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Solent Alumnus' Oxford Feature

8th February 2016
Architecture and constructionArchitecture and design

Solent BA (Hons) Architectural Technology graduate Gregg Thatcher has played a key part in the development of the new Ruskin School of Fine Art building in Oxford, which has been featured in architectural magazine Building Design’s January 2016 edition.

Gregg Thatcher

After graduating in 2012, Gregg went on to join Spratley Studios in Henley on Thames as an Architectural Technologist. With the practice having already won the project with the University of Oxford on his arrival , Gregg was entrusted to take the scheme from planning right the way through detailed design, construction phase, practical completion and beyond with the project taking a year and a half to complete.

The new Ruskin School of Fine Art replaced a rundown 1930’s light industrial building which housed the schools workshops and the main sculpture, printmaking and digital multimedia facilities.

Ruskin School of Art, Oxford

Speaking about his involvement, Gregg says: “It feels very special to be a key role in the development. Not only to have a building which you can drive past and be proud of, but also to see what a difference it makes to the lives of the building users.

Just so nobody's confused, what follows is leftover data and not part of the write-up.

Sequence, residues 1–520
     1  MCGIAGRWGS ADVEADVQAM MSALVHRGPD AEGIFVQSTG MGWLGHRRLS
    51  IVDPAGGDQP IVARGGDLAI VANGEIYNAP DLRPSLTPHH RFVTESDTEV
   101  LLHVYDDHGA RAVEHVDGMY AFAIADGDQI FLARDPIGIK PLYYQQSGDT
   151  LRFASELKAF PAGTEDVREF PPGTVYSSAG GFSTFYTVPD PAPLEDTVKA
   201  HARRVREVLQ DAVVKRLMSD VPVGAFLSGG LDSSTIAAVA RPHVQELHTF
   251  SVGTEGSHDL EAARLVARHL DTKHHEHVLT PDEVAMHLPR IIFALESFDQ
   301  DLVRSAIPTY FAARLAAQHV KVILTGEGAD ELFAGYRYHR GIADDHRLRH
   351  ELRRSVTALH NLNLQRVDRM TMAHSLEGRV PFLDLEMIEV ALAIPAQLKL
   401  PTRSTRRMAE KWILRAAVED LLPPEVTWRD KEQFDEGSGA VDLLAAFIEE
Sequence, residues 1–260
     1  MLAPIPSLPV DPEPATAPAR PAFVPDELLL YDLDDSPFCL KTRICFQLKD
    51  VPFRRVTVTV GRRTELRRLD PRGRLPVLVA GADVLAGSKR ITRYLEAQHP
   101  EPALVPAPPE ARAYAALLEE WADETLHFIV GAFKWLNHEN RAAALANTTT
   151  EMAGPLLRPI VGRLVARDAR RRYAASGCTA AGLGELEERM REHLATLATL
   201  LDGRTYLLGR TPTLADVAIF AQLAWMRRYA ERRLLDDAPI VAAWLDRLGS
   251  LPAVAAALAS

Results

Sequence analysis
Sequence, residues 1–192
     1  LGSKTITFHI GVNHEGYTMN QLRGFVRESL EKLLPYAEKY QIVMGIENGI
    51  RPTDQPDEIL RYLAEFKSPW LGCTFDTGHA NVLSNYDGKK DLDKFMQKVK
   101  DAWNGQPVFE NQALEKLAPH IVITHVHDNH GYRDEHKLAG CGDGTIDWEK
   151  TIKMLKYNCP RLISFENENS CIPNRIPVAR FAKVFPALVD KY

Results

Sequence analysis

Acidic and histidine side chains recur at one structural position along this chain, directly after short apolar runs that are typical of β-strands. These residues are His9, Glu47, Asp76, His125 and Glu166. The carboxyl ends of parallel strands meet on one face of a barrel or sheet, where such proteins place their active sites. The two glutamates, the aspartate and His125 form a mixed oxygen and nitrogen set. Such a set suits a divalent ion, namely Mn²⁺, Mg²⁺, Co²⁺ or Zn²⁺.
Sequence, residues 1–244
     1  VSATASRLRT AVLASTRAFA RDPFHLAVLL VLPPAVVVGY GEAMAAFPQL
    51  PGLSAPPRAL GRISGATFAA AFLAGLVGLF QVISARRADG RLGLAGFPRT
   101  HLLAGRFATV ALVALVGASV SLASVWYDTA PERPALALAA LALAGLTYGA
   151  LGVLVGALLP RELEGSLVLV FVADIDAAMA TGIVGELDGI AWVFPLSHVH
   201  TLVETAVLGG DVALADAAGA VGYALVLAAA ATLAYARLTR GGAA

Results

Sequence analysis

“To see where the clients had come from, having worked so closely with them and their aspirations, and then to hand them the building at the end of the project is a great feeling.

“To have the same project featured in such a well-known publication is a very surreal feeling and makes you really appreciate what you and the design team have achieved.

“Sometimes it seems hard to believe that I went from a first year student, at 25 years old, to building real buildings. For that I will always be thankful to Solent.”

Ruskin School of Art, Oxford

Ruskin School of Art, Oxford

Reflecting on his time as a student at Solent, Gregg adds: “In looking back, the foundation I gained in every subject has been applied in my job role to date and it is these elements which stop you looking extremely stupid on site and avoid costly errors for the design team/client.

“It’s also easy to think deadlines are not present in the real world. However, the truth is deadlines in real word are infinitely worse as it’s your reputation and career on the line. As for presentations, they are always going to be there in this industry in one form or another, so the faster you get use to them the better it will be for you.”

And finally with advice for any student looking to go into the industry, he says: “Pay attention, don’t be afraid to ask, work hard, meet your deadlines and the rest will follow.”

Ruskin School of Art, Oxford